This second group must have the intellectual capacity that advanced EMT training requires. In the city where I served, we found that hiring a diverse group of firefighters was very challenging. In addition to recruitment, one of the things we did was to offer tutoring classes to train prospective applicants on how to prepare for the entrance examinations. We set up tutoring classes three times per week for two weeks in various neighborhoods in our city. We taught basic skills such as conversions of fractions and decimals, English, reading skills, physics and test-taking skills. In addition, we provided detailed illustrations of the physical performance assessment (PPA) course. This allowed applicants to see what is required to pass this portion of the hiring process and prepare them for this demanding physical component. This program was available to anyone who filed out an application, however the tutoring classes were held in local neighborhoods in our city. When hiring a diverse workforce, a program of this type may help to reach your goal. Oral review boards and interviewing are very useful tools and are commonly used by many departments. This step will add significant time to the process especially when a large number of applicants must be interviewed, but when standards are applied fairly and consistently, there will be no surprises when the candidates take their seats at the training academy.

Another obstacle is an increasingly popular idea of charging fees for written examinations and for the physical performance assessment, which is paid by the applicant to cover the cost of administrating the hiring process. In a recent advertisement for firefighters in my area, there was an administrative fee of $25 and a PPA fee of $100to submit an application. This type of fee schedule should be avoided if at all possible.

The last thing I feel needs to be mentioned is the awarding of veteran points. Most every city awards some type of credit to military veterans when applying for public safety positions, and with good reason. This is a small token of respect that any jurisdiction can pay to someone for their military service. As for the entrance process, it is clear that qualities listed above represent the foundation for a successful candidate. Any other criteria that a jurisdiction feels is important and that can be validated may be instituted so long as they are not designed to indiscriminately disqualify candidates. This is the first step toward professionalizing the fire service: bringing in quality people with high expectations who are intellectually and physically capable of performing as a modern firefighter and encouraging them to learn and develop.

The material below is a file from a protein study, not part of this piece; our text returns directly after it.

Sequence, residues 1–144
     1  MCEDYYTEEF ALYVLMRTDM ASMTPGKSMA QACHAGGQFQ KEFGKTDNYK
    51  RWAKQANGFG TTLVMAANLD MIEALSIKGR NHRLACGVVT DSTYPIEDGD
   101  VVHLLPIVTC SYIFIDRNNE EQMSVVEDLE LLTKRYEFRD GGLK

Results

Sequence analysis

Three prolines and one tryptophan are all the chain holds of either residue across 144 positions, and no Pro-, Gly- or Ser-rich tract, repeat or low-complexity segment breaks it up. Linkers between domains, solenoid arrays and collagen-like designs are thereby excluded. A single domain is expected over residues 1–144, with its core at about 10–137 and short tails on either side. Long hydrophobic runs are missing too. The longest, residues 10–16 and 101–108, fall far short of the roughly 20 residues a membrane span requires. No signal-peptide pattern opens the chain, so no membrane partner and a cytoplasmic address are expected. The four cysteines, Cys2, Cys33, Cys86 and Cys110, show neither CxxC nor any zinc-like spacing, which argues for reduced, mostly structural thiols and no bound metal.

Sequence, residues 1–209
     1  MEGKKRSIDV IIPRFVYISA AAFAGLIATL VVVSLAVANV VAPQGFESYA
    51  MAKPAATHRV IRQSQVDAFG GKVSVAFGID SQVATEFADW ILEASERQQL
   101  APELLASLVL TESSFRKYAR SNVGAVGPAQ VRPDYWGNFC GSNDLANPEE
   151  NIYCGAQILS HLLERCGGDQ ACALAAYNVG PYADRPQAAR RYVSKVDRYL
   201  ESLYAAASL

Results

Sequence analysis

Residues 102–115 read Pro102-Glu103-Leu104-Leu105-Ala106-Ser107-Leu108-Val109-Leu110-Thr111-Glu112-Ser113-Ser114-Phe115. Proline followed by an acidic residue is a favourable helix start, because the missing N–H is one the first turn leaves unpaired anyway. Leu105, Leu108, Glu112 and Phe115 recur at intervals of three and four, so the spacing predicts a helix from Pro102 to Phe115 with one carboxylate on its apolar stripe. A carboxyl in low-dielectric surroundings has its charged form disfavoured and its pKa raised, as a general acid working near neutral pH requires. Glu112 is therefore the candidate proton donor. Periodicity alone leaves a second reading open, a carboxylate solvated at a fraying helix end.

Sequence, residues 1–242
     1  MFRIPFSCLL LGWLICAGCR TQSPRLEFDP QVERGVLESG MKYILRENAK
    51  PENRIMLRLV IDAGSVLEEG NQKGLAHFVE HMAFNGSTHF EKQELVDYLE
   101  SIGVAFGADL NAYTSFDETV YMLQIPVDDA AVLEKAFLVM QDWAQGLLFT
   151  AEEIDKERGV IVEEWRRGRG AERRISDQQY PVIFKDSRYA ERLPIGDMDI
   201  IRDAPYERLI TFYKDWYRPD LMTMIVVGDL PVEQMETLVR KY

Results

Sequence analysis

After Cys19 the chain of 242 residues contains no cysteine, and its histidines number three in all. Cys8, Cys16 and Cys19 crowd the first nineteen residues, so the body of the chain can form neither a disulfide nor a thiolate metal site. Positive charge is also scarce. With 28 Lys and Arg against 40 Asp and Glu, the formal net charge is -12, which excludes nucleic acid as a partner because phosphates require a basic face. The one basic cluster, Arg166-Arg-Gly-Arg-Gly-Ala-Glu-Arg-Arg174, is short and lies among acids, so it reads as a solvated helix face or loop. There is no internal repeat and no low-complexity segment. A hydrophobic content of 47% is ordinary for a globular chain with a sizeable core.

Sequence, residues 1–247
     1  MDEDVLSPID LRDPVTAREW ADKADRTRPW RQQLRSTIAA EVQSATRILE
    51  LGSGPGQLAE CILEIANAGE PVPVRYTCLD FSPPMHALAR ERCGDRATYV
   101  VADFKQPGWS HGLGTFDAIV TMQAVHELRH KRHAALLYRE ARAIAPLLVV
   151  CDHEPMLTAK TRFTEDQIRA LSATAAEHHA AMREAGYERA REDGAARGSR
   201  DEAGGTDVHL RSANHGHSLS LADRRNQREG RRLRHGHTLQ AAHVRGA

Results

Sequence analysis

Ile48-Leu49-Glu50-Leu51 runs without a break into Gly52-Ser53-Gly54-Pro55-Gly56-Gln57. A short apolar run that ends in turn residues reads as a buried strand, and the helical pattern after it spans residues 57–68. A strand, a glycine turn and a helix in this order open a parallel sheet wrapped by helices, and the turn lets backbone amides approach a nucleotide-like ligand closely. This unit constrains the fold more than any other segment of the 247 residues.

The next area that needs to be looked at is the promotion to company officer. Lieutenants and captains are the people that keep the fire service operating at the service delivery level every day. The company officers set the tone of every fire company and are the face of the fire department to the public, whether it is through responding to an emergency call or interacting with the public in the market while buying food for the firehouse lunch. After a new recruit enters the fire service, it is the company officer who will shape his attitudes and in many cases, his future.

In terms of promotions, the first step is an examination process that is focused on practical knowledge, experience, and professional contributions to the department. This examination process should also be designed to place less emphasis on the seniority of candidates and focus more on the qualities and skills they bring to the fire service. Once the testing and evaluation process is completed, the candidates should be detached from their fire companies and complete a two- to three-week officer training academy. The goal of this officer training academy is to certify the new officers according to National Fire Protection Association (NFPA) Standard 1021, Standard for Fire Officer Professional Qualifications Additional NFPA qualifications should also be included, such as NFPA Standard 1521, Standard for Fire Department Safety Officer, and NFPA Standard 1041, Standard for Fire Service Instructor Professional Qualifications.


These programs are recognized as standards in the fire service for the development of competent fire officers. This level of training is more than most departments provide to their new officers, yet even this is not enough to professionalize the fire service. The next step is for new fire officers to enroll in local colleges and universities to earn an associate’s degree as well as a bachelor’s degree. This level of education may seem unnecessary to raise ground ladders and advance hoselines (which is true), but looking at the bigger picture, it lays the foundation for successful succession planning. It is never too early to begin taking college courses, but it becomes necessary once the first promotion to a company officer has been earned. There once were incentive programs that would either pay for a firefighter’s college tuition r provide a pay increase once degrees were earned; but sadly most of these programs are now victims of the economic downturn of the last few years. The loss of these financial incentives should not eliminate the incentive to further a fire officer’s education. In place of the financial incentives, a point structure can be instituted that will award candidates seeking promotion to a chief officer position with points that can be added to the promotional exam process or evaluation process.